3 For what if some did not believe? shall their unbelief make the faith of God without effect?

The point here is very simple, although also somewhat complex. The simple point is that the Abrahamic covenant was very good, and the fact that some Israelites did not adhere to the covenant in no way detracts from the goodness of the covenant, nor the basic premise, that being a Jew was a wonderful blessing. The complex issue derives from the fact that Paul does not cite any particular example of faithlessness, which leaves it as an open-ended statement. He could be talking generally, about all Israelite unfaithfulness for the duration of the Old Covenant, he could be talking generally, about all Jewish unfaithfulness for the duration of the Old Covenant, or he could be talking about specific instances of unfaithfulness. The Greek for ‘some’ / ’some men’ / ‘certain men’ is ’tis’, and as I am not a Greek scholar, I am not sure of the semantics of this word. It can mean some of Israel, some of the Jews, or it could mean specific, certain Jews, certain Israelites, and hence be referring to particular moments in Israel’s history. As the next sentence uses the future tense, and therefore refers to the future judgement of these ‘certain men’, it implies specifically the men of Jesus’ generation. However, as we have already seen, Paul builds his arguments with layers of meaning, so we need to keep up with exactly what he is referring to; as we have seen in chapters 1 and 2, Paul extrapolates from the behaviour of Israel in the wilderness to fill out the picture of the present state of Jewry.

If we go back to the Old Covenant, what God in fact did was to add the Horeb Covenant to the Abrahamic Covenant, (Galatians 3:19). If we go all the way back to the Israelites coming out of Egypt, we see in Exodus 16 God imposing rules on the collection and preservation of manna. The Israelites were moaning a lot, and being difficult, so God put them to the test:

4 Then said the Lord unto Moses, Behold, I will rain bread from heaven for you; and the people shall go out and gather a certain rate every day, that I may prove them, whether they will walk in my law, or no.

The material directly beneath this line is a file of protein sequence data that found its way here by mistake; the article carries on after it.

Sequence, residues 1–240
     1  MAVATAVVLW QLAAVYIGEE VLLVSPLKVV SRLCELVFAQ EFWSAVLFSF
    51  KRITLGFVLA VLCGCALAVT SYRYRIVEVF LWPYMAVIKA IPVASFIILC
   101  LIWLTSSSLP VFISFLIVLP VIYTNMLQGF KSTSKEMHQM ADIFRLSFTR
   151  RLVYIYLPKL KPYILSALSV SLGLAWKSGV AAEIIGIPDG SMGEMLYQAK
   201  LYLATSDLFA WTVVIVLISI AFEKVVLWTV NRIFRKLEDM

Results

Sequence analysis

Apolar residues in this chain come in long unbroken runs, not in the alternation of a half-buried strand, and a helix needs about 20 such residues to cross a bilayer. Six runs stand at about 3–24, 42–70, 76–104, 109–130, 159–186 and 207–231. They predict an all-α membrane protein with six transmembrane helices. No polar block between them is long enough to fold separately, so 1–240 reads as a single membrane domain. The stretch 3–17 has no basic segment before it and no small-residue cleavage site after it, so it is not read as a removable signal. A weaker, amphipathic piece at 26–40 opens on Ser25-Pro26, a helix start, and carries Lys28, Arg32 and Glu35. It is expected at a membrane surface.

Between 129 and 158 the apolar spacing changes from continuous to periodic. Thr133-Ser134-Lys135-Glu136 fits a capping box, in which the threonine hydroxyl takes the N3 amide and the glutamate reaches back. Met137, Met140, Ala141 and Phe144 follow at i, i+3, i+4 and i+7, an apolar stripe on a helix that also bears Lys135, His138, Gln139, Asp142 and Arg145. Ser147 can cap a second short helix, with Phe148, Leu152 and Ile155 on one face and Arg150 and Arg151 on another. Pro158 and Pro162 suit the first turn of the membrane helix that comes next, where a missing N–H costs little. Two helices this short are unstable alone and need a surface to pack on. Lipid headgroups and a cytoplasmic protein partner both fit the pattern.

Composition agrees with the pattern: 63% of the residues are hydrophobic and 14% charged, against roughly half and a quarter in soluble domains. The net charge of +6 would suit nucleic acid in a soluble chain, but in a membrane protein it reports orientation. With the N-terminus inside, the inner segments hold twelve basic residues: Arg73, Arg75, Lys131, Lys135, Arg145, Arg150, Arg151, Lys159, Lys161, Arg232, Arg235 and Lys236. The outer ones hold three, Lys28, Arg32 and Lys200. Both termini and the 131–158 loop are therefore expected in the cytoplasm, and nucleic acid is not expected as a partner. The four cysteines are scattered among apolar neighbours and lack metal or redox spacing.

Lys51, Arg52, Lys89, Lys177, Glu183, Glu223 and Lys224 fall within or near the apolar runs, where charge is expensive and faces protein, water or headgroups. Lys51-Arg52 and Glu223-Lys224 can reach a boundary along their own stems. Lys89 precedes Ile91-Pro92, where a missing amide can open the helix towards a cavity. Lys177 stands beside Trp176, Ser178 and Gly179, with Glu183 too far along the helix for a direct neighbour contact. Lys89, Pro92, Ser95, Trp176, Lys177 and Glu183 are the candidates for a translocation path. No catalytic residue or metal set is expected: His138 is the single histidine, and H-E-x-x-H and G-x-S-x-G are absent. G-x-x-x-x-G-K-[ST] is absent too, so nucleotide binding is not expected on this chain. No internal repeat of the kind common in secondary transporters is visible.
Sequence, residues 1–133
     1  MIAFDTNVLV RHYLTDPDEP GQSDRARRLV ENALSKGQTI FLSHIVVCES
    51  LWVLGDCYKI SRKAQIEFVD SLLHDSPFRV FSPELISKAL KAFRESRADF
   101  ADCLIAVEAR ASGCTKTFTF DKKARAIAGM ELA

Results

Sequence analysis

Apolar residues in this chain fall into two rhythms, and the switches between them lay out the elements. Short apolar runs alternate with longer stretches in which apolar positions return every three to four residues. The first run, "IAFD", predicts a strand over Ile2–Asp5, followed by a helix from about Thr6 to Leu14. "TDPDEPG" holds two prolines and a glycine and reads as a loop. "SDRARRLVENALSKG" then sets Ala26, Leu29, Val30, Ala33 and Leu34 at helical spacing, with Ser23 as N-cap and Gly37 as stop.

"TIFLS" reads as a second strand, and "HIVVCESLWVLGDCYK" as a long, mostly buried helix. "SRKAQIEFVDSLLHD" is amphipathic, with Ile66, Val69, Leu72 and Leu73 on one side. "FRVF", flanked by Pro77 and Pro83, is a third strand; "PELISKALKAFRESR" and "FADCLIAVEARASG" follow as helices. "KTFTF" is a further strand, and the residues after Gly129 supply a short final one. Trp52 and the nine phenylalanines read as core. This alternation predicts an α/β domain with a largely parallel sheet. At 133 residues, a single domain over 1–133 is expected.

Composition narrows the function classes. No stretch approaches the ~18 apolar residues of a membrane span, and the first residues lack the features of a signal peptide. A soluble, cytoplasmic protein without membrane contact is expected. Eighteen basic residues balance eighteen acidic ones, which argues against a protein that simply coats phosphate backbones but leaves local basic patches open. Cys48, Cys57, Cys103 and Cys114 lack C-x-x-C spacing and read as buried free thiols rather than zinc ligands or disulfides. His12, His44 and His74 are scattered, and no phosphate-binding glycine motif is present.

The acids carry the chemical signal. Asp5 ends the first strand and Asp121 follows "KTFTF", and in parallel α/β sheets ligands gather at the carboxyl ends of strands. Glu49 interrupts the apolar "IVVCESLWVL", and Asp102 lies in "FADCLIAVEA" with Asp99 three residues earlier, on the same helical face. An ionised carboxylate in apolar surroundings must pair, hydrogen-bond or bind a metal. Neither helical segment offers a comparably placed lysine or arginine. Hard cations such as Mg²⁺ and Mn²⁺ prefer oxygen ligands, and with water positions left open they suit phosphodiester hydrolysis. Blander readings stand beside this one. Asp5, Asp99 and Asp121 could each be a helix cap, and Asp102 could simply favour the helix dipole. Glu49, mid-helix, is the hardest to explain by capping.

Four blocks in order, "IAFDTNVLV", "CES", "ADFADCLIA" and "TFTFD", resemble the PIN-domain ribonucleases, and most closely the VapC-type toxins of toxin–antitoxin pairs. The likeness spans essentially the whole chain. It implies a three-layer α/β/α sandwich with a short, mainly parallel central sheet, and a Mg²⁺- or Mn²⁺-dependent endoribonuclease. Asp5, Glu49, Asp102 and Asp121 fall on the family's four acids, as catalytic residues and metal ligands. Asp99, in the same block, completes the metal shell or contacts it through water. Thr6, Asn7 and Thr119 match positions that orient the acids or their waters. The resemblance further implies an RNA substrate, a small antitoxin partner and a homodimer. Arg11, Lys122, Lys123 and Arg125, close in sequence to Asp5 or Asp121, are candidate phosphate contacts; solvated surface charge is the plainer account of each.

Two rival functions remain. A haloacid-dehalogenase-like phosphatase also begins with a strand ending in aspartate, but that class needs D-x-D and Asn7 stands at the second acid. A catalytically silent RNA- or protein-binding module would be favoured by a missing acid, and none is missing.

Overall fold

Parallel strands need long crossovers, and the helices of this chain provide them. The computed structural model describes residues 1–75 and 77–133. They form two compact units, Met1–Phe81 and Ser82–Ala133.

As it turned out, the Israelites failed the test; that is to say, they were not faithful. They were unable to obey these simple strictures, which showed God that their heart condition was not good, and that they were not fit for his purposes. So as we can see, God was very angry, that after all he had done to liberate Israel from Egyptian oppression, all he was met with was a wall of whingeing and whining, which was infantile, self-centred, and ultimately rebellious, and which indicated that Israel was not ready to serve God. And sure enough, when God gave them a task, they were unable to do it faithfully which fuelled God’s anger:

27 And it came to pass, that there went out some of the people on the seventh day for to gather, and they found none. 28 And the Lord said unto Moses, How long refuse ye to keep my commandments and my laws?

And hence why God then imposed the entire Law on Israel; it was, as Paul says, a schoolteacher until they were ready for faith, until they had grown up – Galatians 3:

24 Wherefore the law was our schoolmaster to bring us unto Christ, that we might be justified by faith. 25 But after that faith is come, we are no longer under a schoolmaster.

The Law was really for faithless, disobedient men. So the certain faithless Jews (Israelites) Paul mentions could be this generation in the wilderness who were later disqualified from entering the Promised Land when their lack of faith culminated in a refusal to enter the land of milk and honey, coupled with the desire instead to nominate a Captain to take them back to Egypt. At which point God, once again, got extremely angry with their lack of faith:

11 And the Lord said unto Moses, How long will this people provoke me? and how long will it be ere they believe me, for all the signs which I have shewed among them?

So that generation was so faithless that God simply refused to let any of them, with the exception of Joshua and Caleb, enter the land. The lack of faith of that generation disqualified them from receiving God’s blessings, from entering the land of milk and honey. Where Paul has not explicitly stated what faithlessness he is referring to, he opens the door to any examples of Israelite lack of faith being implicit in what he says. The example given clearly illustrates his point, of how a lack of faith expunges the wonderful blessings that were by right the Israelite’s, so is germane to Paul’s argument. Beyond this, the old testament was a kind of template for events in the new, it is as Paul says, exemplary: